Screaming, absolutely screaming at my six and four-year-old’s, Ethan and Reese, because they left socks in the middle of the family room floor. Saying no every single Friday night to invitations to have dinner and drinks with friends. Blaming my boss for giving me a promotion. Feeling drunk during the day, because I’d only been sleeping a few hours every night. I thought those were the signs that I was on the verge of burnout, but turns out those were the symptoms of absolute burnout. I mean I was on fire, already burned out to a crisp beyond recognition.
Yet, it is your responsibility to recognize the onset and early signs of burnout. So, what are those? It’s funny, I was thinking back to when I accepted a promotion that became the catalyst for me experiencing burnout. Only three months after I accepted that promotion, my husband, Matt must have already started to see my own signs of burnout, because I remember he surprised me by getting my girlfriends together for a day of wine tasting. Now it should have been really apparent, for my husband, Matt, to say, “Oh my gosh, let’s get her out of the house to go with girlfriends for wine tasting,” three months into my promotion, yet I didn’t acknowledge it for another 10 months -13 months total, when I hit my burnout, that I even really acknowledged what was going on.
What are the signs of the early onset, so that you can change course and change direction, to help mitigate that burnout? I’m going to share some of those signs with you, but please also know that everybody carries and has symptoms and signs of stress and anxiety and burnout in different ways. So really, the most important thing is for you to listen and pay attention, physically and mentally, to your own body. But here are a couple of things that you can watch out for.
Physically, where do you typically hold onto stress and anxiety? For me, I usually hold on to it in between my shoulder blades. I’ll feel tightness when I’ve had a little bit of extra stress, but back then I should have recognized, whoa, this is extreme. It felt like a cinder block in between my shoulder blades. So bad that I had already started to schedule massages. That was sign number one. Now, I took a course of action to say, “Let’s go have some massages to start to take care of that.”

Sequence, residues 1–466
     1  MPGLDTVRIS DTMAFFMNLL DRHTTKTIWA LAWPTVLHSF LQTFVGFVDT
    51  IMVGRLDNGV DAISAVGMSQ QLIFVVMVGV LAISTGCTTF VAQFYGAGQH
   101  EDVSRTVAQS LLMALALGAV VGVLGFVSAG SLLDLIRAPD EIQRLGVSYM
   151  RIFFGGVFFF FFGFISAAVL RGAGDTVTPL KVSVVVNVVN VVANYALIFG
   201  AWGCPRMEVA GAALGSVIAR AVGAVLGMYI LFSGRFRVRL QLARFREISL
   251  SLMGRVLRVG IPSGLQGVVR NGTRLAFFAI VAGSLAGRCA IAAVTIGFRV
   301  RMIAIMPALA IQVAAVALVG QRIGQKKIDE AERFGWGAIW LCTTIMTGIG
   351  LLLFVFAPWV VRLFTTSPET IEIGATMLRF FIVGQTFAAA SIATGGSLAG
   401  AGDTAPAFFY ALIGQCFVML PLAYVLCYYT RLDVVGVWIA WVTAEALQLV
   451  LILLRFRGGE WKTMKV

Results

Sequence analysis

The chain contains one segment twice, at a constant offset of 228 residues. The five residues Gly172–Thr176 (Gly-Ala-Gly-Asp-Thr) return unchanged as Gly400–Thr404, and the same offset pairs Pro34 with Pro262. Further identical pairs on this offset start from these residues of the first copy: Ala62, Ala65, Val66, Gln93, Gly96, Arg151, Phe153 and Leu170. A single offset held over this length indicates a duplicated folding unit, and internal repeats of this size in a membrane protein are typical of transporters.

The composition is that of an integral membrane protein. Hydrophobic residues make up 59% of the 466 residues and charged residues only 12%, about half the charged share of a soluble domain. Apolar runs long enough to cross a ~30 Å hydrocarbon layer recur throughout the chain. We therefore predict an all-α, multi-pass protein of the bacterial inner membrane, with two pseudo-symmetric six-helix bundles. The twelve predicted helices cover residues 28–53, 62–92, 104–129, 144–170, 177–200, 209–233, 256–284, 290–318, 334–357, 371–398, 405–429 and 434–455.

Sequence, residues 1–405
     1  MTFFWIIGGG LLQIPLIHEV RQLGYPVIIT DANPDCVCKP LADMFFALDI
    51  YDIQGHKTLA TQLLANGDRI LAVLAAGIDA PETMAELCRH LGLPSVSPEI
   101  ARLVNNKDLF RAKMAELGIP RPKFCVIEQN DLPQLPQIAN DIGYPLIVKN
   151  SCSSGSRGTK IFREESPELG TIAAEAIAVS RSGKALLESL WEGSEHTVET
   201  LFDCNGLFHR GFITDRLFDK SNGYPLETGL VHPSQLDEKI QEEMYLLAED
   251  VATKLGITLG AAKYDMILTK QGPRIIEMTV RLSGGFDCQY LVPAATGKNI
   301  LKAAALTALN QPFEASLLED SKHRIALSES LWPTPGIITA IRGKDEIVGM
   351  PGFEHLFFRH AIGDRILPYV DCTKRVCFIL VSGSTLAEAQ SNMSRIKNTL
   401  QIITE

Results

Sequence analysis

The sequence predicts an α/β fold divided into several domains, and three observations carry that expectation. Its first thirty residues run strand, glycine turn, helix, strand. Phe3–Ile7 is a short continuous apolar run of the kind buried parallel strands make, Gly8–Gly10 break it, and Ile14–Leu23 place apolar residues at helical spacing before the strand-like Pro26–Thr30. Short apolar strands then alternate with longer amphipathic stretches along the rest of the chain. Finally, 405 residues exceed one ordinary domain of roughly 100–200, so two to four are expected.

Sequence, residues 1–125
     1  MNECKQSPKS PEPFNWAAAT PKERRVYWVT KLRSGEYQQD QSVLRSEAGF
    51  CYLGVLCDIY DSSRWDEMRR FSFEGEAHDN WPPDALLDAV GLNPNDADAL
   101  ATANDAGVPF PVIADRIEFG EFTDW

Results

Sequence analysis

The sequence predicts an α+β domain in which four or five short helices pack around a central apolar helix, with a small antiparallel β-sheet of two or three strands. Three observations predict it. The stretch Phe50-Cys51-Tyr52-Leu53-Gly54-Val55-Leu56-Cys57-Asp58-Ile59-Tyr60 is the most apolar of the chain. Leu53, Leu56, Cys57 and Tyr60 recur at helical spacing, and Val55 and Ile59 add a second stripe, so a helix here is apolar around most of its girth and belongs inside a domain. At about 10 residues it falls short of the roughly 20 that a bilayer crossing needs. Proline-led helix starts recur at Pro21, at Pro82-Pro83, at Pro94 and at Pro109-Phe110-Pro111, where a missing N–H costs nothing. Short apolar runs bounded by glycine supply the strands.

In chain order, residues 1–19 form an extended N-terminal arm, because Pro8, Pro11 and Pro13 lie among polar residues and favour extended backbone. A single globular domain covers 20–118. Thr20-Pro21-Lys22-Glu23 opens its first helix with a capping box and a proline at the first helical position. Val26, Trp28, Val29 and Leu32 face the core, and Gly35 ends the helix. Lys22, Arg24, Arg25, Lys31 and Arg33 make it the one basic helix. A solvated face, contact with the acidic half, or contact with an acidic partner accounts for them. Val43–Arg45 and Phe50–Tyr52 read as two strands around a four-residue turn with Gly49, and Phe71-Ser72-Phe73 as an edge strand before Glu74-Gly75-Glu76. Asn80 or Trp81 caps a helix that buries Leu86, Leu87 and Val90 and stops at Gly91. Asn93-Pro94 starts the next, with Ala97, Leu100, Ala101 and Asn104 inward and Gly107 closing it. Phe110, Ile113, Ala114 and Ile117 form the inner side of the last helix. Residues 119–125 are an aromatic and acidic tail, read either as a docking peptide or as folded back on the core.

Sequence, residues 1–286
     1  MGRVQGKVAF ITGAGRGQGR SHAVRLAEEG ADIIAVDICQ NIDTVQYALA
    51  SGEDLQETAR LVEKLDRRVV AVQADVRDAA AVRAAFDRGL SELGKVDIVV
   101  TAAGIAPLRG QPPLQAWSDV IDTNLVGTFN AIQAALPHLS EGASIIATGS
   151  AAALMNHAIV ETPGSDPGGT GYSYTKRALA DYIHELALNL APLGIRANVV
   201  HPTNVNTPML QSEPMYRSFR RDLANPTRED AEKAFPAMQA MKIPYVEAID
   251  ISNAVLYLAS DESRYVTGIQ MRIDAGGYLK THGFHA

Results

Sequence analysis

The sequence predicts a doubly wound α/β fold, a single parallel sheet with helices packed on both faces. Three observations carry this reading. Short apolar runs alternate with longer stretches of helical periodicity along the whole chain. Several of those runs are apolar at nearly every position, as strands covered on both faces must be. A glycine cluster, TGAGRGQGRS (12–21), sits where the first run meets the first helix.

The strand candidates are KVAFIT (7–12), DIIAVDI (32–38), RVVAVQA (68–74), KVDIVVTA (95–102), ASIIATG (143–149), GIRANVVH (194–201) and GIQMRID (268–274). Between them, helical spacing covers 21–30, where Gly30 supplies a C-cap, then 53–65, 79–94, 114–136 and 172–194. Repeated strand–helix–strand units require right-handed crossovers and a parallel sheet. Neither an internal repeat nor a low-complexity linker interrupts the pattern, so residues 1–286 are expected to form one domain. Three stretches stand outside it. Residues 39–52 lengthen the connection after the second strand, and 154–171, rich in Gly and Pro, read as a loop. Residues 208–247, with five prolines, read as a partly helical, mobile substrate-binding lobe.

I also realized I started carrying tension in my hips, but I didn’t recognize that early onset until it became so extreme, I thought I had arthritis in my hips in my mid-thirties. Turns out, I was really stressed out. Sleep is another one. How tired do you feel? Look, we all have days where it’s a little bit harder to get out of bed, or at the end of the day we feel exhausted. But how frequently is that happening? Are you starting to notice a consistent behavior where you never want to get out of bed or every single day at the end of the day, you just throw yourself down on the couch and physically and mentally can’t do anything?
That’s a sign of the early onset, when the frequency starts to increase. Or the frequency of taking sick days, or the frequency of contemplating taking sick days. So pay attention. Do you get headaches, do you have stomachaches? What’s the frequency that it’s happening, what’s the elevated degree? When you start seeing things and experiencing things more often and in different situations, for example, are you starting to feel conflict or get agitated with friends, family, or co-workers in situations that you typically wouldn’t have felt that way?
Those are the signs; we have some increased frequency, consistency, or really new, unusual places and times that it’s happening. That’s when you need to stop and say, “I am on the verge of burnout. I need to change course and start taking care of myself,” to mitigate that burnout, before you reach the absolute breaking point. So start writing down, start acknowledging, and reflect on those situations, your experiences, and how are you feeling today, and over the course of the next few days and weeks.